Analgesics such as NSAIDs have been shown to provide relief for the physical symptoms of PMS such as headaches, cramps, and pain when taken several days prior to and during the first days of menstruation. Patients should only take the recommended dose and be advised of possible adverse effects.
Magnesium deficiency may lead to symptoms of irritability associated with PMS. Results from one clinical study demonstrated that a daily dose of 360 milligrams of magnesium taken during the luteal phase may provide some relief from PMS symptoms. Patients can be advised to take 360 mg. of magnesium daily during the premenstrual phase only. Magnesium may cause diarrhea in some patients.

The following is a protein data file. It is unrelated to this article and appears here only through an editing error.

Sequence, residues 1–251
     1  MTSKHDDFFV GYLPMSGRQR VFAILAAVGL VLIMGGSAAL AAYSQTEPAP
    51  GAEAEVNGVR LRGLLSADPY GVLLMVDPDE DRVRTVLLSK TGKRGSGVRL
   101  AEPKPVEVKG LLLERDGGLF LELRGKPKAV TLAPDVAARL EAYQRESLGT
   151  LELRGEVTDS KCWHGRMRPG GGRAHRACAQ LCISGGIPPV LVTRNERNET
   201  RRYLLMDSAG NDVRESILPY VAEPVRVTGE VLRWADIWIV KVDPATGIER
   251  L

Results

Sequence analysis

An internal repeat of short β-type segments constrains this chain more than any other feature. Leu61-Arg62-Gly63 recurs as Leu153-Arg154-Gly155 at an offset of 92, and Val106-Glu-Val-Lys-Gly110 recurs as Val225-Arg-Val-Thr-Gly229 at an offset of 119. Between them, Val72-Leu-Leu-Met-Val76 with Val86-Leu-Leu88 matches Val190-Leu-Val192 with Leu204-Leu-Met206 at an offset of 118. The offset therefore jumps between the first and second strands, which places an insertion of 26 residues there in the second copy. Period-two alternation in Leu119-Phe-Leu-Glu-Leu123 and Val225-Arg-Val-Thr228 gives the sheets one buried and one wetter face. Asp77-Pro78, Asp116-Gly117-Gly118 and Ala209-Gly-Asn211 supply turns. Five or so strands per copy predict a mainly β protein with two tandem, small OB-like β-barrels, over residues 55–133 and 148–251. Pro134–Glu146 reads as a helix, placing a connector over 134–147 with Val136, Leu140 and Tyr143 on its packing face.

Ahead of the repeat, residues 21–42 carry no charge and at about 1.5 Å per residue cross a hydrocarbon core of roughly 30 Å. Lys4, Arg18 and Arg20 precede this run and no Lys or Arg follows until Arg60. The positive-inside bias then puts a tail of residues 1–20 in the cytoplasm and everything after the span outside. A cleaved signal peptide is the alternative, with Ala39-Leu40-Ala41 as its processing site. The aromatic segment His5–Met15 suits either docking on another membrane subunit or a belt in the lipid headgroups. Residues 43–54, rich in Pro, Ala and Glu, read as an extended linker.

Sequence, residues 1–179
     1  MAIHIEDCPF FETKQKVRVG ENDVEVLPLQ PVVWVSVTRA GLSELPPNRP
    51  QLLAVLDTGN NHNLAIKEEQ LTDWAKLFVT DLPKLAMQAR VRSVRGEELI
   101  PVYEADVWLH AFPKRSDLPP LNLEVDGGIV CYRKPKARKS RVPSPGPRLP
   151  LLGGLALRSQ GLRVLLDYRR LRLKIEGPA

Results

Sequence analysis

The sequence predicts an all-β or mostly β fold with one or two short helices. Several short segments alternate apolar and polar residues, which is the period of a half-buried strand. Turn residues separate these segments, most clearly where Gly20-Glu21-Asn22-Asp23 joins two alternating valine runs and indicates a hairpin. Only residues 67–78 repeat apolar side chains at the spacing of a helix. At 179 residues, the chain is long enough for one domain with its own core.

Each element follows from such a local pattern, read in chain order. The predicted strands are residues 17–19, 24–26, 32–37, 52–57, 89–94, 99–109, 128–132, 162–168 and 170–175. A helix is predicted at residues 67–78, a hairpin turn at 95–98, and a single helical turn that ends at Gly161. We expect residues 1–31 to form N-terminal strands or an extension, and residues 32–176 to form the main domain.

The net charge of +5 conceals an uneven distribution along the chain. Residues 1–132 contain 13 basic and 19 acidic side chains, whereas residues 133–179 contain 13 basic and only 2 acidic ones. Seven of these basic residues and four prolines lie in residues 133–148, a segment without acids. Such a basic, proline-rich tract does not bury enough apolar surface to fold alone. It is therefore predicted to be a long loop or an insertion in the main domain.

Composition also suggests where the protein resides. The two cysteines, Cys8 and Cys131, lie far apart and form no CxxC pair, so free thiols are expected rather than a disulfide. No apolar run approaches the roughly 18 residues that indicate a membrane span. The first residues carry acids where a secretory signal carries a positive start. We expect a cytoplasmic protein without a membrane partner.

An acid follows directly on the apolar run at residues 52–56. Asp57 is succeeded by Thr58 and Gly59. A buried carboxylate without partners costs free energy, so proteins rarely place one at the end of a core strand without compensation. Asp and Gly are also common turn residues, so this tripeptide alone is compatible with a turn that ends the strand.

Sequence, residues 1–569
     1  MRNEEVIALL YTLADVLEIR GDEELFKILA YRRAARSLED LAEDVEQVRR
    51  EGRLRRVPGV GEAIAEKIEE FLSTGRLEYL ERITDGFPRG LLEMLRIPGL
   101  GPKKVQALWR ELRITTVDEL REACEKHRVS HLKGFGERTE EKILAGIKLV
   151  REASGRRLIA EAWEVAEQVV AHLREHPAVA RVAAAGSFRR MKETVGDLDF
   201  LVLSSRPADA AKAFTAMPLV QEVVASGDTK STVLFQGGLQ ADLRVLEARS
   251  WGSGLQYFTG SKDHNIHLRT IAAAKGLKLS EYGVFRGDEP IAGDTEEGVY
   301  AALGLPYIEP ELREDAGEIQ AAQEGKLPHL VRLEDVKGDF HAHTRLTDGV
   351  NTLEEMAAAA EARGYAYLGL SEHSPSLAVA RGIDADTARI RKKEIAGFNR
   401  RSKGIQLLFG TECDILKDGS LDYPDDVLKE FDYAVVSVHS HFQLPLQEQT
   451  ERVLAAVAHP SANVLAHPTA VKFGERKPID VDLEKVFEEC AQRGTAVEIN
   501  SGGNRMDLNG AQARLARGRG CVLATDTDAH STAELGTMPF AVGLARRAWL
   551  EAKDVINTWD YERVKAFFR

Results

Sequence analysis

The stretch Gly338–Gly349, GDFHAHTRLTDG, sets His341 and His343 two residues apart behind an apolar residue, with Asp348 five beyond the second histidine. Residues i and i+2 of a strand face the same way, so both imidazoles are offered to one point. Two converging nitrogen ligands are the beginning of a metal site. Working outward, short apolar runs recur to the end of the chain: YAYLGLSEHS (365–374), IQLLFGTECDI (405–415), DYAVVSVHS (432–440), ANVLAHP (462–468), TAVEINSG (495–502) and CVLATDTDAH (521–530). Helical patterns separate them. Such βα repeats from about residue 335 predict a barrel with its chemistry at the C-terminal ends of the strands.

Pyridoxine (Vitamin B6)
Vitamin B6 has been used to treat PMS symptoms such as irritability, fatigue, bloating, and depression. Studies have shown that a dose of 80 mg. per day can improve mood and anxiety levels. Recommended doses should be limited to 100 mg. daily to reduce the incidence of neuropathy.
Calcium and Vitamin D
Results from one study showed that high dietary intake of calcium and vitamin D may prevent the development of PMS symptoms. Patients should take 1,200 mg. daily in divided doses, with no more than 500 mg. per dose. Because calcium may cause gastric upset or constipation, it should be taken with food. Patients should be advised to also take at least 600 IU of vitamin D per day.
Note: This article was originally published on June 12, 2012 on PharmacyTimes.com. It has been edited and republished by U.S. News.